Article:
- First President: a life of John L Dube, founding president of the ANC
Heather Hughes' biography of the first president of the African National Congress (then known as the South African Native National Congress), founder of the Zulu Christian Industrial School (commonly known as Ohlange High School) and Ilanga laseNatali (now known as Ilanga) newspaper - all institutions still in existence today - provides the reader with a rich and yet complex story of a 'historically significant' figure in the annals of South African history. In some ways within African politics, the period from 1900 to 1915 belongs to John Langalibalele Dube. His work cut across various fields, key among them are education, media, politics (both local and national), and the world of letters. But it was in the institutions that he helped found that his impact on SA has been largely felt. So, it is no wonder that his influence in the South African political landscape has been quite visible and contested over the years. Interestingly, it might be precisely this significant presence of the figure of John Dube in the national life of South Africa that has meant that few scholars dared to grapple with the meaning of his work. Hughes suggests that it is partly because of the dearth or nonexistence of a John Dube archive.
First President begins with a rather sad story of the disposal (possible internment) of Dube's personal collection comprising diaries and letters when he died on February 11, 1946. The identity of a hand that saw to the safekeeping or destruction of Dube's personal records and artifacts remains a mystery to this day. I do not share the author's view that this 'incident should remain shrouded in mystery'. For, when I read the opening page of Hughes' biography of John Dube a few questions came to mind. First, what [End Page 159] does the narration of this story by members of the Dube family do to their own sense of who they are, when they know that someone out there might be in possession of the artifacts of their father, grandfather or great grandfather? Second, how does one come to terms with a (double) family loss (personal artifacts) that has a potential to impact on matters of inheritance across generations?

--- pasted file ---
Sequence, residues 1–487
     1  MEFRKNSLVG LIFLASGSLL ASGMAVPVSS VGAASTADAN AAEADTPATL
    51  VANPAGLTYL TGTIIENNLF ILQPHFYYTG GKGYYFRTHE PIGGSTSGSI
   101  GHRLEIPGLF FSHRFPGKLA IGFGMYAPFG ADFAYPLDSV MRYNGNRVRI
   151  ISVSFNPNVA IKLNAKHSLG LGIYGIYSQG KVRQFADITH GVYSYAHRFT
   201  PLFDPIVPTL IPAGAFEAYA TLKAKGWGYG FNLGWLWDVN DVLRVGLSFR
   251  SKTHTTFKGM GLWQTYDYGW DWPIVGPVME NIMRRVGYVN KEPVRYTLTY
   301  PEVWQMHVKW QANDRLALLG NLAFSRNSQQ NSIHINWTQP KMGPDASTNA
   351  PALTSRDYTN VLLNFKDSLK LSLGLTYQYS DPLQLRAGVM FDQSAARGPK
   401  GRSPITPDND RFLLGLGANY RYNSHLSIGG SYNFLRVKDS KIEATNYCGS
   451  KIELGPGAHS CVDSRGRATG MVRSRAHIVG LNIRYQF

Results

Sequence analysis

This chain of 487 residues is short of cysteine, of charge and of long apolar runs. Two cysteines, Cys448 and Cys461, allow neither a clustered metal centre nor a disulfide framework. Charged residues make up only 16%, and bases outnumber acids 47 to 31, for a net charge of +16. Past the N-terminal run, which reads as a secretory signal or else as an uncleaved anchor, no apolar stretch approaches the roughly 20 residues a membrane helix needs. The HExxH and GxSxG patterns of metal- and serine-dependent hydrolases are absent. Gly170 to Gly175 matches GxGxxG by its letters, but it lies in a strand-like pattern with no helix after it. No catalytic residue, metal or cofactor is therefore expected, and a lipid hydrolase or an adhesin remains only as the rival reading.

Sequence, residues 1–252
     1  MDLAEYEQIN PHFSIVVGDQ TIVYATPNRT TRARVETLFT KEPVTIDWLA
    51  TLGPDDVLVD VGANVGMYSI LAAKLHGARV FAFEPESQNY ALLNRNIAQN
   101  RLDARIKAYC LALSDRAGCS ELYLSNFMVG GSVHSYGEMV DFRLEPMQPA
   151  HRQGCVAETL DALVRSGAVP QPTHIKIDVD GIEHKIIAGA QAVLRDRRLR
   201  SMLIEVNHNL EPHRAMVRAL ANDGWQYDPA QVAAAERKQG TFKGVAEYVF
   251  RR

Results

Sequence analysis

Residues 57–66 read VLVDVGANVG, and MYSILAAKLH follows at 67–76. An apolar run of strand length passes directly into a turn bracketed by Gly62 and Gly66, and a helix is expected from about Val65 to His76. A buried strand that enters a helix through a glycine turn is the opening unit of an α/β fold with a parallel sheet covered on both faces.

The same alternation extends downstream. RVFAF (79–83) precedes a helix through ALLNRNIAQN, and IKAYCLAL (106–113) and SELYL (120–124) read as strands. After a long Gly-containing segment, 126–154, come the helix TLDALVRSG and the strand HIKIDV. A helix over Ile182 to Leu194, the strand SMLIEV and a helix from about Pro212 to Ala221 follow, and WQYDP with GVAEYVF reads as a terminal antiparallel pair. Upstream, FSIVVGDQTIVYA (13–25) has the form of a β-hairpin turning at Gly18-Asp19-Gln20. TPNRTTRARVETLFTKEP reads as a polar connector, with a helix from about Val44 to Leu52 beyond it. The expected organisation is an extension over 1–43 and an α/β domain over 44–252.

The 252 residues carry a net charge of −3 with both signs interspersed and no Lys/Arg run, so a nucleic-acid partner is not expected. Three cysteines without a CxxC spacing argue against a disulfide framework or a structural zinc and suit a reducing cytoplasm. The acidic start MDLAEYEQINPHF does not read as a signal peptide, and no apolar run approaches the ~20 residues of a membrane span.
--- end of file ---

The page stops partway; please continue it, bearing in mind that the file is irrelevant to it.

Notwithstanding the damage this particular act did on how historians and biographers reconstruct the life of John Dube, Hughes succeeds in giving a balanced account of Dube's life. The first three chapters of the book introduce the reader to personalities who laid a foundation for John Dube that had a profound impact on his life in the twentieth century. Hughes moves from the politics of the Zulu kingdom under kings Shaka and Dingane to a somewhat precarious settler politics of the colony of Natal in the early 1840s. Her account of these events are quite important because it was this unstable politics that provided space to James Dube and the Qadi rulers to reimagine their lives anew in the colony of Natal. James Dube provided a firm foundation for his son not only in material terms such as ensuring that he received education but also by anchoring John in the history and current events of the time. James Dube's naming of his son Langalibalele, after a well-known leader of the Hlubi people, was to be of seminal importance to John's firm belief in pragmatic politics in the twentieth century. Such an approach to politics also saw John Dube drawing from what remained of the strength of the Zulu royal house.
Chapter 4 takes the reader to the activities of John and Nokutela in the United States of America. It was during their travels to various towns and cities that the young Dube family consolidated its vision of what they wanted to initiate once they return home. While John Dube's public speaking skills were key to them raising money for the institutions they established in South Africa, Hughes suggests that Nokutela's music talent and skills were definitive. Chapters 7, 8 and 9 deal...